HomeHome & GardenA guide to refreshingly refined Christmas decorating

A guide to refreshingly refined Christmas decorating

The festive season is swiftly approaching. The aroma of orange peel, spicy clove, and balsam fir creates a merry atmosphere with a single sniff. Soon, soft mittens will embrace cold fingers and the shimmering star lights above London’s Oxford Street will glow. Cue Michael Buble’s Christmas album and pour yourself a frothy mug of hot chocolate because it’s time to think about decking the halls.

Perhaps this conjures up visions of metallic tinsel, kitsch baubles, and all-things red and green. But Christmas decor doesn’t have to be brash. If you’re partial to elegant, pared-back interiors – look no further. This week, I spoke to four design experts about how to achieve a refreshingly refined Christmas decor scheme.

“Start by focusing on using foliage, dried fruits, and berries to bring spaces alive,” says Camilla Clarke, creative director of London-based residential interior design studio, Albion Nord. “Fresh holly and spruce look lovely tucked behind artwork and in garlands draped on bannisters, sideboards, and fireplace surrounds.”

The expanding Albion Nord portfolio is defined by an appreciation of natural materials – from honed marbles with their uniquely textured surfaces to timbers that speak through their inimitable grains. Clarke’s Christmas decorating philosophy echoes this. She recommends drying cut oranges and apples and threading them onto wire or string to create an organic garland which looks particularly pretty when sunlight shines through the slices.

When setting your dinner table, channel the snow that settles gently on rooftops like powdered sugar by coating the surface with an understated medley of whites and creams. Clarke advises, “simple, white or off-white linens contrasted with a festive bouquet, white candlesticks, and brass or silver cutlery is all you need” to create a visual feast.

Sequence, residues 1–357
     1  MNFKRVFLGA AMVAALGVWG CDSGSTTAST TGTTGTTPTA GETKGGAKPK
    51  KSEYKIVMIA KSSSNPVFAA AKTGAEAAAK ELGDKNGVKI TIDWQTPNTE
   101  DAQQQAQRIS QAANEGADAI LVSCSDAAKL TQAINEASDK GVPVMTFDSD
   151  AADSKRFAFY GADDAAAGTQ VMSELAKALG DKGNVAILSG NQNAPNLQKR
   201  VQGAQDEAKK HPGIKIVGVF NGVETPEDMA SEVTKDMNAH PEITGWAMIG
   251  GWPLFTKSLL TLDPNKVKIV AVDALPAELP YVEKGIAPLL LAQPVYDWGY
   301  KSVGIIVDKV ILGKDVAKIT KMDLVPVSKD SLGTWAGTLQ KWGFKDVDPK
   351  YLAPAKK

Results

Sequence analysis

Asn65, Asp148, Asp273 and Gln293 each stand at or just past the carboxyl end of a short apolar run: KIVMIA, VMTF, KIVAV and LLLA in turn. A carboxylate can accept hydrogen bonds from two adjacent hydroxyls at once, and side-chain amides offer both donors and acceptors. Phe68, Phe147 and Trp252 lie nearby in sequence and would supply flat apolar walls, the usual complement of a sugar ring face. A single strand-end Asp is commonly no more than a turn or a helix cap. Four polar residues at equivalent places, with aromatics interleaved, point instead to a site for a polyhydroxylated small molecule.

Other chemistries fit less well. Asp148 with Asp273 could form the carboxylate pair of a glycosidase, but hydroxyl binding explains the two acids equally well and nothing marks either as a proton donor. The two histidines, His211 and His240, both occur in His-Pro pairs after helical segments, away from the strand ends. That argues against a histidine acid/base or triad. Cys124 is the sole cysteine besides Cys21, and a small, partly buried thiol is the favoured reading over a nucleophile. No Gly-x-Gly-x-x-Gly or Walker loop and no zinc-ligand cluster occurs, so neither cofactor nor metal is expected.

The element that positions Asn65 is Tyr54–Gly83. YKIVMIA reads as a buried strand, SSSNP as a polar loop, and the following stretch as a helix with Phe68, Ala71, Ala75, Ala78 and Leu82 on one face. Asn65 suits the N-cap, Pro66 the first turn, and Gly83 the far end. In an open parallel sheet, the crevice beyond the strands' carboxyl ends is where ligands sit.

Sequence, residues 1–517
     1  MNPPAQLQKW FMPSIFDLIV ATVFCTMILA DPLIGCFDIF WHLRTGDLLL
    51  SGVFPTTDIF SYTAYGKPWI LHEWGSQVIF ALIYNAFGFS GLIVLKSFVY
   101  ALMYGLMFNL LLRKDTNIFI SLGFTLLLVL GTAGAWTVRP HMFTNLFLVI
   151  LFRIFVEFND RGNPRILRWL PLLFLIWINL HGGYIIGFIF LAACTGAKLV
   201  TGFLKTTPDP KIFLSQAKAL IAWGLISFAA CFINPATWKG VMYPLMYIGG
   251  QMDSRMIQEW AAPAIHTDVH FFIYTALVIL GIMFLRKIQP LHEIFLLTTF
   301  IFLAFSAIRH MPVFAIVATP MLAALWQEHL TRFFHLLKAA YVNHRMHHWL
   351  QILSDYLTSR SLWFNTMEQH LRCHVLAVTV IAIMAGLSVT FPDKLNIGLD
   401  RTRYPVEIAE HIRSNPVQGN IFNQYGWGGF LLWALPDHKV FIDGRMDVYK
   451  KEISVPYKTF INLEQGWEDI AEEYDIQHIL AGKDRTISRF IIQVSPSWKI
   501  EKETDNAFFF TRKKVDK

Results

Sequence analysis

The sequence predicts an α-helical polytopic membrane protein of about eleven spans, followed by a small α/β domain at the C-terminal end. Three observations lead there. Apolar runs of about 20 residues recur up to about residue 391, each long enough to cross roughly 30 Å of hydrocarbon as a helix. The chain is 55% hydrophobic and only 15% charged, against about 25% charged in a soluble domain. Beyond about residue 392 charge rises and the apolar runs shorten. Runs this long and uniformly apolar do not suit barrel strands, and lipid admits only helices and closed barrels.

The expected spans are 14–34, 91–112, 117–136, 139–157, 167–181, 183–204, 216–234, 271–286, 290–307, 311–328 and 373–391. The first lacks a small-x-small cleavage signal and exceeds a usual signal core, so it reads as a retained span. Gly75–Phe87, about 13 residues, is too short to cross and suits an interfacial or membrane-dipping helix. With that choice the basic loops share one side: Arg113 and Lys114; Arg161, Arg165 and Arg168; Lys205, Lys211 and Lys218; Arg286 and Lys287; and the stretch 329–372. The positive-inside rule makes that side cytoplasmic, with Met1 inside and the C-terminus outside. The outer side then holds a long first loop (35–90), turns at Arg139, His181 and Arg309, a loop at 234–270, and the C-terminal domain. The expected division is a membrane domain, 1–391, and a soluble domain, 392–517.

Merry and bright occasions are synonymous with the clinking of glasses. For a touch of refined shimmer on your festive tabletop, consider LSA’s mouth-blown Pearl champagne flutes, saucers, and wine glasses. Hand painted with iridescent rosy lustre and shaped with a subtly-fluted texture which fades towards the rim, I can’t help but imagine them glistening prettily atop a brass bar cart that’s outfitted with a swagged garland of greenery. The Pearl collection ranges from stemmed goblets to a cake stand and dome, tea light holders, and vases, allowing you to establish a cohesive yuletide glassware scheme.

Luxury floral designer and former lead florist of the Soho House group, Ronny Colbie, filled me in on how to craft a splendid winter centrepiece. He says, “forage or source foliage that will last throughout the season as the base to all your bouquets. English pine, holly, twigs, and winter eucalyptus – anything that will dry nicely and add a festive scent. Once you have the base of foliage you can simply add flowers to suit and change as they wilt. For long-lasting blooms you’re best off with amaryllis, hydrangea, or winter berries.” Pair ruby red hydrangeas with pink Christmas hellebores and holly or deep pimpernel hydrangeas with white Veronica and foraged branches. As a finishing touch, consider tying a plush emerald or cream-coloured velvet bow around the vase.